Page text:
In what was perhaps one of the most famous speeches in American political history Ronald Reagan's national career was launched in the closing days of the 1964 presidential campaign with his "A Time for Choosing" speech on behalf of Barry Goldwater. It failed to turn the electoral tide, but did become the rhetorical foundation of the Republican Party for the decades which followed.
Pennsylvania Republicans now find themselves at their own "time for choosing." While the situation may not be as grandiose as the "rendezvous with destiny" the party and the nation faced at the time of Reagan's speech, the next few weeks will give definition to — or perhaps make it impossible to tell — what it means to be a Republican in Penn's Woods.
At issue is the annual state budget which is constitutionally required to be in place by the close of business on June 30th. Election year spending pressures and a revenue shortfall are complicating the process. For six straight months the state has failed to achieve its revenue projections creating a $532.5 million deficit. Add in proposed additional spending, and the deficit facing the governor and lawmakers climbs to over $1 billion.
The revenue shortfall should come as no surprise. The national economy continues to lag as the "great recession" drags on. The Lincoln Institute's Keystone Business Climate Survey taken in April found 26% of business owners and CEOs reporting the state's business climate continues to get worse, while only 14% saw improvement. Uncertainty caused by the Affordable Health Care Act, and massive new regulations are cited as key reasons for the pessimism.
Republicans control the three budgetary levers of power: the governor's office, the state House and state Senate. To the unsuspecting this should amount to easy sailing for the new budget. But the actual situation is quite the opposite. The party is divided on how to proceed. The governor and a majority of the conservative House are opposed to higher taxes, a faction in the GOP caucus in the state Senate are open to additional revenue.
Much has been made in the media over the intra-party competition between so-called "establishment" Republicans and "tea party" conservatives. Closer inspection shows the policy differences between those factions are small. It is more accurate to say the Pennsylvania GOP is divided along geographic rather than ideological lines.
A number of legislators from southeastern Pennsylvania — the Philadelphia suburbs — are labor union-supported tax and spend liberals. Those hailing from the balance of the state, particularly the central Pennsylvania "T" and southwestern Pennsylvania are economically conservative. It is this divide over which the battle for the soul of the state GOP is being fought.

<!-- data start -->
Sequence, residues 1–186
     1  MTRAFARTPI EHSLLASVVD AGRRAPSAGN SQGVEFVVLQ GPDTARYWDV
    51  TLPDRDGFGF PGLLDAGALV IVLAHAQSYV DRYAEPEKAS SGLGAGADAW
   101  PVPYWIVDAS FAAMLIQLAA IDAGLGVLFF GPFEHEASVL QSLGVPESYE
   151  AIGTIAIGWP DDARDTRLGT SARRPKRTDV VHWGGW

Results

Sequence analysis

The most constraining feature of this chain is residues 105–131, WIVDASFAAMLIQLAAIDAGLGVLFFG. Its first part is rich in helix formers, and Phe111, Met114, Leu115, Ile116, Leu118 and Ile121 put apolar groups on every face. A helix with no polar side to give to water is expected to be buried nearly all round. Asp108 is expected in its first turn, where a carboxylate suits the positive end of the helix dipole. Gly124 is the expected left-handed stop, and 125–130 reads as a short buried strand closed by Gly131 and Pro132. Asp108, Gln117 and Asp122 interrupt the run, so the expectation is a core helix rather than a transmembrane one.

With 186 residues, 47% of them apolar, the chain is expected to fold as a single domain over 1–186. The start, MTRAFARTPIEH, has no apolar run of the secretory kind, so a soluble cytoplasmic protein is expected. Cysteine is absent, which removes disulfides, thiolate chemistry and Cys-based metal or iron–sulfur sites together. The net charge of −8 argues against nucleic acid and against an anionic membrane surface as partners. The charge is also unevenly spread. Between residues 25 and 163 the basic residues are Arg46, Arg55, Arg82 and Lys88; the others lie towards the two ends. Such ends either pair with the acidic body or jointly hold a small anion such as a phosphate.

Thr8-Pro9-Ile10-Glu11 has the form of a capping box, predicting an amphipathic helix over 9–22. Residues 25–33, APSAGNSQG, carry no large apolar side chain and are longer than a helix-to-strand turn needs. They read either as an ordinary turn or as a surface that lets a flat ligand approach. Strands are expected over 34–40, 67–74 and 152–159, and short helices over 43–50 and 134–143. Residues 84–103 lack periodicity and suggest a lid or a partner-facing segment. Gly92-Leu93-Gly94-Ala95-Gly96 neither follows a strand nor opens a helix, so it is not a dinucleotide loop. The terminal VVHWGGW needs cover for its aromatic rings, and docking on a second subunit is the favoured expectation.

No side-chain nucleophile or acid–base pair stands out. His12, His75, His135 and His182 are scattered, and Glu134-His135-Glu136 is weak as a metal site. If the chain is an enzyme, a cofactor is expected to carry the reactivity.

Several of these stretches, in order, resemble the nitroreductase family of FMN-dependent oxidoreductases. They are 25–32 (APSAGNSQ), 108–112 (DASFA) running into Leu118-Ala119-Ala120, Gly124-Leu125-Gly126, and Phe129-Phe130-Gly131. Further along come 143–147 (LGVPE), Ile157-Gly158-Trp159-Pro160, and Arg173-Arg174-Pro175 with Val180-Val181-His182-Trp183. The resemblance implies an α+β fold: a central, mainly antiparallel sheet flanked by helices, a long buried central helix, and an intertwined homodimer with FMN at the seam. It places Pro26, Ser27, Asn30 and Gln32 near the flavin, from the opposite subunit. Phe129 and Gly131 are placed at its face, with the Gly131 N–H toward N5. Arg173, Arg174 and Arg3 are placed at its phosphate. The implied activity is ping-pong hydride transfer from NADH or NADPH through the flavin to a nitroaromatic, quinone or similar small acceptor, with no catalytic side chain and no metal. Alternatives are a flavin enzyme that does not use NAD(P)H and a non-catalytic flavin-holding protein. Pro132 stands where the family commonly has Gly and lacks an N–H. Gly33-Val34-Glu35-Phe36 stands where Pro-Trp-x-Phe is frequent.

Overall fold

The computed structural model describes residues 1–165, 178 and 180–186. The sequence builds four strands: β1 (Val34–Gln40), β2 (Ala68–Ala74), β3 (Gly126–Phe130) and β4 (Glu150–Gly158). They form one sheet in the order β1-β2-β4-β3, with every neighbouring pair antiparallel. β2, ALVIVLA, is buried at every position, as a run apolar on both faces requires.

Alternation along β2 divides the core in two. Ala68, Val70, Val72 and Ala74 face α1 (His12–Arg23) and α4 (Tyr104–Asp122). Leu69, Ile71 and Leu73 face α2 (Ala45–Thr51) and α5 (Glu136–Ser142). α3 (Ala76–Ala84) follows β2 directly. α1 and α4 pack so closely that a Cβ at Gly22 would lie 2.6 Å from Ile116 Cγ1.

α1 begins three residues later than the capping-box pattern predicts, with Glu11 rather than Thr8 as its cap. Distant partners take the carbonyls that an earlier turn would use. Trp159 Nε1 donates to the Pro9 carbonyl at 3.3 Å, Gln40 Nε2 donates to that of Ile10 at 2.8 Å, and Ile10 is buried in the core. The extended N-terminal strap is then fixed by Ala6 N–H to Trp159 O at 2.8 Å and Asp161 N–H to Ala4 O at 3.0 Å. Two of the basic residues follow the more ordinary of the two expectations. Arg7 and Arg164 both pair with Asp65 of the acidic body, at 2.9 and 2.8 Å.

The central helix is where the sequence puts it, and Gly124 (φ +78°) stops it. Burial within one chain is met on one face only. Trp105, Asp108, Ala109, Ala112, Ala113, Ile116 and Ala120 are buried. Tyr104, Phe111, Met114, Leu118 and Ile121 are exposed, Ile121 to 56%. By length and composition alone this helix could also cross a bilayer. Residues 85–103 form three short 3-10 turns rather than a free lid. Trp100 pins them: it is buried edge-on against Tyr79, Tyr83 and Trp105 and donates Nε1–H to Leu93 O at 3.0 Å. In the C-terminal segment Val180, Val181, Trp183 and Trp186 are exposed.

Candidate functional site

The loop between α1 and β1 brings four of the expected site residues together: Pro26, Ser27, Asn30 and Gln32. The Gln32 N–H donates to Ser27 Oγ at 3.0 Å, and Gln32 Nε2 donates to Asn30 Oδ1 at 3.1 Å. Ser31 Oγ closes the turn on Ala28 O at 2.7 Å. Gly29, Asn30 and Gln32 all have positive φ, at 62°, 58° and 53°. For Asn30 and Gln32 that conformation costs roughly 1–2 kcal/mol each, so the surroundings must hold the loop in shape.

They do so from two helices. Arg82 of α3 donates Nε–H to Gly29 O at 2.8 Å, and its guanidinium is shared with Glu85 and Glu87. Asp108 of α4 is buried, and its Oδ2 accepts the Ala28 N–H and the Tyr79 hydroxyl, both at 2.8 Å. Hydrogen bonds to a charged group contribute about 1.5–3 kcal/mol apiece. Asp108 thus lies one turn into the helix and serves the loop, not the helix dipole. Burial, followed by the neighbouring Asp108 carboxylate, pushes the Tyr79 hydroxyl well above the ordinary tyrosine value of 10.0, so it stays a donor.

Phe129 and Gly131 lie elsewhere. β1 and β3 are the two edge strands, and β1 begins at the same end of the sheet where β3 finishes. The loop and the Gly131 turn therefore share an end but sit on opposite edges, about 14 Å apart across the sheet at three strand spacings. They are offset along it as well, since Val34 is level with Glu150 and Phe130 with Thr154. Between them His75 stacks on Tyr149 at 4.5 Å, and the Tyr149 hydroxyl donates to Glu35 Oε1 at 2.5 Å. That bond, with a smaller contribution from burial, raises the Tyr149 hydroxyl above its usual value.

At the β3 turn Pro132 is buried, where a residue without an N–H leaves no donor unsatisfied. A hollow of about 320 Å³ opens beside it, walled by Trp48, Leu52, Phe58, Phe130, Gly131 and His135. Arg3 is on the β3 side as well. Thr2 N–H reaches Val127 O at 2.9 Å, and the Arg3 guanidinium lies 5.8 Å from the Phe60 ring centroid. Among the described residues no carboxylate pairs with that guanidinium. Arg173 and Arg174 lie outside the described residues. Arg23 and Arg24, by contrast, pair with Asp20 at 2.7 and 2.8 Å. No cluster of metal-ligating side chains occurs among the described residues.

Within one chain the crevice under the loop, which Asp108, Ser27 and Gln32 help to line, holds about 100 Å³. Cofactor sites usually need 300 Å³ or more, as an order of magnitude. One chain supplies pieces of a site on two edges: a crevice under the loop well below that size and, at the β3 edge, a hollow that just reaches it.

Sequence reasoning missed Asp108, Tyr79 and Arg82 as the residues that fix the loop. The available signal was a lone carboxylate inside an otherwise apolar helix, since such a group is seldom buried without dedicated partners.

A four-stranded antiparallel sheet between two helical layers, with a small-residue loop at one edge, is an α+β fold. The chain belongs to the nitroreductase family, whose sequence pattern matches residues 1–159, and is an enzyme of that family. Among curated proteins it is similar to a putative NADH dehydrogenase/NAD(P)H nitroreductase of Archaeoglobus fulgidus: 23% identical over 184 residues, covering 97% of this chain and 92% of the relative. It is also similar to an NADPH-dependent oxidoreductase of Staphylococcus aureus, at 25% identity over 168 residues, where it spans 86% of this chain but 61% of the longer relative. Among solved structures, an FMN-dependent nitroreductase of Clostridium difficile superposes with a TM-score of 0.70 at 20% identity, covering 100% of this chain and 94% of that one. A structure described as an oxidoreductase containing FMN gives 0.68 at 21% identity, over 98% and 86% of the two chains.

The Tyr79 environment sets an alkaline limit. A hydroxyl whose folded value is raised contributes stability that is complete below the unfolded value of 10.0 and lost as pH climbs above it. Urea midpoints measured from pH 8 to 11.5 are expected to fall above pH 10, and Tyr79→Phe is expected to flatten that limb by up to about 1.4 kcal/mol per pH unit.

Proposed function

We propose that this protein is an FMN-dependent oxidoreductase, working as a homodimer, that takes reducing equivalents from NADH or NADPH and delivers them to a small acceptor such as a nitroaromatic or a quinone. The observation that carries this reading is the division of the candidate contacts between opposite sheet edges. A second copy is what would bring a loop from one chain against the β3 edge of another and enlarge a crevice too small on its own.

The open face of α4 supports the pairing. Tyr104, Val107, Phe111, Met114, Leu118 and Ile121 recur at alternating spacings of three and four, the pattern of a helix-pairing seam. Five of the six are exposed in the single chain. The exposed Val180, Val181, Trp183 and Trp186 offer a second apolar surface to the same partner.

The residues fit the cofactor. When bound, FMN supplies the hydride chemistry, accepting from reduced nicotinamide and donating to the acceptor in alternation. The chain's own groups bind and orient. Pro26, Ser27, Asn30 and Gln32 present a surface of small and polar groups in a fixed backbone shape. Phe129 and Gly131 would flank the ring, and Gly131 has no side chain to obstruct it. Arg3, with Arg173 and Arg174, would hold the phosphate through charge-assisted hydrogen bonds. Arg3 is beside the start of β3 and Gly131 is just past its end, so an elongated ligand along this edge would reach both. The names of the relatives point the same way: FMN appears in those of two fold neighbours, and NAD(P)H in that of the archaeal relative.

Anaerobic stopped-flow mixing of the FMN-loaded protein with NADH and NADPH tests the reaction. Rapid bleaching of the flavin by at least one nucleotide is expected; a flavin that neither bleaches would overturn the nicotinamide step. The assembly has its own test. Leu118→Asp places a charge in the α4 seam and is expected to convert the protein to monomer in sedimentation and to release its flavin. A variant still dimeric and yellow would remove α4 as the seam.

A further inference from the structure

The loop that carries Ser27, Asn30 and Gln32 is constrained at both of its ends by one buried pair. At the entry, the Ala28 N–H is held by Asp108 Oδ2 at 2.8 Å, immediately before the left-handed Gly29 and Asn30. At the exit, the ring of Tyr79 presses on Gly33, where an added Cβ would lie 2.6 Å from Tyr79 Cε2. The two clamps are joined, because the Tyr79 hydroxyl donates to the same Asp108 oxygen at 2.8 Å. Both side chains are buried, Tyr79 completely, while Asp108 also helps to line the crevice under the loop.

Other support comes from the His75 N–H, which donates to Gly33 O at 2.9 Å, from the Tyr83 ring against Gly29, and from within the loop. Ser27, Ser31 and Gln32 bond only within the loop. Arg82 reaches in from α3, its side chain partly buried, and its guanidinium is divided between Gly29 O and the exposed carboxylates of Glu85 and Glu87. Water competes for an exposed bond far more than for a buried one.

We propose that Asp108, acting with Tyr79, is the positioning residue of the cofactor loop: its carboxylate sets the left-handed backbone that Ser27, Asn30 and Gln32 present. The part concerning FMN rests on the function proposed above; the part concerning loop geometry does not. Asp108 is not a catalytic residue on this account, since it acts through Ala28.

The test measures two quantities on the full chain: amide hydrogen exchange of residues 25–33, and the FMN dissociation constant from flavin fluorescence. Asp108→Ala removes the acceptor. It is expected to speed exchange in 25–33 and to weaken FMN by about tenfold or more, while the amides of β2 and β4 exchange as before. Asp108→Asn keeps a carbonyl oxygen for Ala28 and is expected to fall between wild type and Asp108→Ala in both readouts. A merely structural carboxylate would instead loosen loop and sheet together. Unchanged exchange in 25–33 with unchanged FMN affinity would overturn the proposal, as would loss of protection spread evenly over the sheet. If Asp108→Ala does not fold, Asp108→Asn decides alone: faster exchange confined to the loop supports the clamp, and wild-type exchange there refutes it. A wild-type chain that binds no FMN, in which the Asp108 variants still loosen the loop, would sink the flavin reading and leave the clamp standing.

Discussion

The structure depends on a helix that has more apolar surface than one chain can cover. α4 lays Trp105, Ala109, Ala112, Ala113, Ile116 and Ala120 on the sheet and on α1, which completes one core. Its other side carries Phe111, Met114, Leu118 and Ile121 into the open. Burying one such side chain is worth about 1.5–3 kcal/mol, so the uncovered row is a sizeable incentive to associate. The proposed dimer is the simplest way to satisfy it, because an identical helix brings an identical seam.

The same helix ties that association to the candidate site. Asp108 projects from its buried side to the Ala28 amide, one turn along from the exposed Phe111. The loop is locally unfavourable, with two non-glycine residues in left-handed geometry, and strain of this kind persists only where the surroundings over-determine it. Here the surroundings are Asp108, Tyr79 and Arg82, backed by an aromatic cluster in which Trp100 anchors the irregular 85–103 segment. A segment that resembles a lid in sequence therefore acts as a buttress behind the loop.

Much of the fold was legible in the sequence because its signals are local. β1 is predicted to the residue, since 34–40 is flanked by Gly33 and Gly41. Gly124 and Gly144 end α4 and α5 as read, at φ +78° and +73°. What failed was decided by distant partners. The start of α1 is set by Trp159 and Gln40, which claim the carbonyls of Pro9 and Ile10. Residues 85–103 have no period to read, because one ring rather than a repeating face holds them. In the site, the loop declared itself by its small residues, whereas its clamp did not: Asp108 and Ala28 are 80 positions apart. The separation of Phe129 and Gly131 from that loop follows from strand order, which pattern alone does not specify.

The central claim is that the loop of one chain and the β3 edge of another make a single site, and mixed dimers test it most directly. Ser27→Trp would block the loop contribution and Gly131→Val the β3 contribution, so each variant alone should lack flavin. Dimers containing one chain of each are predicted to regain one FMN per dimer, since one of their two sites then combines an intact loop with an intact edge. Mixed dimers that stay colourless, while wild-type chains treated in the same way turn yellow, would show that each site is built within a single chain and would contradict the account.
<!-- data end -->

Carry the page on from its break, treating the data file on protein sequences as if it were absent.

In trying to improve the state's business climate, Governor Tom Corbett has steadfastly opposed adding an extraction tax on Marcellus Shale companies. That is because those businesses already pay all the same taxes as every other Pennsylvania business — plus an impact tax enacted several years ago. An extraction tax would be piling on.
Moderate southeastern Republicans, led by State Representative Gene DiGirolamo of Bucks County, are advocating for an extraction tax. They also want to halt the phase-out of the Capitol Stock Franchise Tax, an arcane bit of double taxation on businesses found in no other state in the nation that instantly makes Pennsylvania less competitive in attracting investment and jobs. Mr. DiGirolamo has gone so far as to offer his own version of the state budget, which appears to be little more than the Democratic budget on new letterhead.
The "time for choosing" for the GOP is this: will the party stay the course by holding the line on taxes and continue to enact policies that will encourage business growth and job creation, or will it allow the southeastern tail to wag the dog and become Democrat lite?
Ronald Reagan once warned the GOP that "A party cannot be all things to all people. It must represent certain fundamental beliefs . . . (it must) raise a banner of bold colors, not pale pastels." If the Republicans in control of state government settle for "pale pastels" there will be little to distinguish it from the Democrats and voters will opt for the real thing. The time has come for the GOP to act on its pro-growth principles. Because otherwise, what is the point of even having principles?
(Lowman S. Henry is Chairman CEO of the Lincoln Institute and host of the weekly Lincoln Radio Journal. His e-mail address is firstname.lastname@example.org)
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